| May/June 1971

  • Port Huron catalog
    This picture is from a 1908 Port Huron catalog. I am told that only a few of these were built and that only one survives, somewhere in Iowa. This must have about the cleanest lines of any engine. Courtesy of Wesley Reese, Box 67, Austinburg, Ohio 44010.
    Wesley Reese

  • Port Huron catalog

Box 67, Austinburg, Ohio

I am sending to the Album a picture of a Port Huron double cylinder tandem compound engine. So far as I can learn only three companies built engines of this type. We know Garr Scott built them in their Big Forty. It appears Minneapolis also built some, but I have owned or seen Minneapolis catalogs covering most of the years back to the turn of the century but have never seen one showing a tandem compound double.

Apparently many engines of various kinds were built of which pictures are scarce or non-existent. Every so often I see references to Advance cross compound engines. I have seen many Advance catalogs but never a photo of a cross compound. I know Advance built a rear mounted single late in the career of the company, but I would like to see a photo of an Advance double, which it would have to be if it were cross compound. I once came across a mention of a 50 x 150 Nichols & Shepard. Could this be an error or did Nichols & Shepard actually build an engine of this size?

I have an engineers' handbook published back in the nineties that treats of a Port Huron engine with poppet valves. The illustrations are fuzzy and the description is meager but the idea I get is that there are two poppet valves moving back and forth in lines perpendicular to the line of travel of the piston. It does not explain how the valves are actuated. I have asked old engine men, some of them Port Huron men, about this engine and they claim never to have heard of it. Probably only a few of them were ever made.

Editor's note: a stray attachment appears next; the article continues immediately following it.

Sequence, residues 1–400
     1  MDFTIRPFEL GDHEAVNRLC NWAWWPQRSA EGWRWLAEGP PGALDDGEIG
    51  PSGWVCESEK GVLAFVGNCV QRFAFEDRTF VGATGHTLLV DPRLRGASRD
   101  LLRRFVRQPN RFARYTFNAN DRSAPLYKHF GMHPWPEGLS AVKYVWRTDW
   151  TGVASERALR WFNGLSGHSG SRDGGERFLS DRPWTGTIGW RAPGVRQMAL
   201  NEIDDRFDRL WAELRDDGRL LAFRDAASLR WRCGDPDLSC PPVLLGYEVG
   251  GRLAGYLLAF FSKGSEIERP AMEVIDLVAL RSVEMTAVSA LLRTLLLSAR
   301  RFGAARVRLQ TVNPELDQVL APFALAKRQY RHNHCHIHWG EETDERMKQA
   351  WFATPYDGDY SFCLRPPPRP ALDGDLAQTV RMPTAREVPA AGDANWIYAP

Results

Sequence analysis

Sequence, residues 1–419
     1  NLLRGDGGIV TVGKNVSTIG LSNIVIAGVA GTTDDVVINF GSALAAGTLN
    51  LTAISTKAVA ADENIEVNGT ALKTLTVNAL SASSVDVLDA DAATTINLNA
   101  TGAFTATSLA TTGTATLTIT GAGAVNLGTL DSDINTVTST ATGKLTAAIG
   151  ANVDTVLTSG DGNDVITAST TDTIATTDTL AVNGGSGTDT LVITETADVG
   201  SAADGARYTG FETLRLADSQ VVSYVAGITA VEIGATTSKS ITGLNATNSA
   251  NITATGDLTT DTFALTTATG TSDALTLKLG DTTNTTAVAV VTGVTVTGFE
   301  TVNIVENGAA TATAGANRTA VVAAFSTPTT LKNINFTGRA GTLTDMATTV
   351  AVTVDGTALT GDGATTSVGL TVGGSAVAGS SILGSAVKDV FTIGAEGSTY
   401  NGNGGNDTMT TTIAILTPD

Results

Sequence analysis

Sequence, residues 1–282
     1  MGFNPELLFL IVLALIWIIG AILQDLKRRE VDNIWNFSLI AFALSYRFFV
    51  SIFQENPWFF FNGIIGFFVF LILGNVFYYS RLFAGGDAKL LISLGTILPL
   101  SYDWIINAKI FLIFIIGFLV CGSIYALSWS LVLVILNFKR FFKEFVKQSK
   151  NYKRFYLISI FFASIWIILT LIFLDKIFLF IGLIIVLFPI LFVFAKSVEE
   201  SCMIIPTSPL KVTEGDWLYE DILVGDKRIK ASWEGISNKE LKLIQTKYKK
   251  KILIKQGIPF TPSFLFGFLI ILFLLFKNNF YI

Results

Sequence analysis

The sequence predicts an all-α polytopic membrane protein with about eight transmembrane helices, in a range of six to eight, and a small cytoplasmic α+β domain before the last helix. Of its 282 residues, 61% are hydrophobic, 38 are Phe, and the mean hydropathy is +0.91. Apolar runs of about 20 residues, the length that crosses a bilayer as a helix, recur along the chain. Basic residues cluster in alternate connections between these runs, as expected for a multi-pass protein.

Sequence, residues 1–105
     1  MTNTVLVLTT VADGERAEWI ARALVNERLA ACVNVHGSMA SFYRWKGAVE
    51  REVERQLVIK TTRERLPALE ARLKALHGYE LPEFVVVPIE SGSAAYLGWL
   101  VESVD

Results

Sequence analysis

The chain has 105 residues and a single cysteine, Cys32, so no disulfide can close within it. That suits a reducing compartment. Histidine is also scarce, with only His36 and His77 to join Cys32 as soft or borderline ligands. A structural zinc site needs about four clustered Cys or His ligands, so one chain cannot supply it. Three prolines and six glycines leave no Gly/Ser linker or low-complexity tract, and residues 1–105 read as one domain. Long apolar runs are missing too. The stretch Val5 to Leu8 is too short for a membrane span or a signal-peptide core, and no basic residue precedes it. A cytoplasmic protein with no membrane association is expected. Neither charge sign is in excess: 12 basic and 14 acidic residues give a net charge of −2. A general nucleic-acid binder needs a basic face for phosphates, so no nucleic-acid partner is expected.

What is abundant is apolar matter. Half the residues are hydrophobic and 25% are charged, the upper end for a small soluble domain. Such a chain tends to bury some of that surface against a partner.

In Floyd Clymer's book of steam traction engines there is a picture that puzzles me very much. On page 95 in the lower right corner there is a picture of a double cylinder Minneapolis engine. This shows the differential and idler gear on the left side. The clutch is on the flywheel on the right side. How is the power transmitted to the idler gear? I have seen several Minneapolis doubles, but they all had the gear train completely on the flywheel side as shown by the picture in the upper left hand corner of the facing page.

Speaking of flywheels, or band wheels, as some prefer to call them, how many readers know of one fracturing in heavy gear work? I know of one, a Minneapolis double, pulling twelve plows in prairie sod. It would seem the pressure of the clutch was more than the wheel could take and it broke into three segments. Two pieces landed forward of the engine and the third piece sailed back over the engineer's head. It was a bit of grim humor around the neighborhood to say 'the engineer kept his head.'


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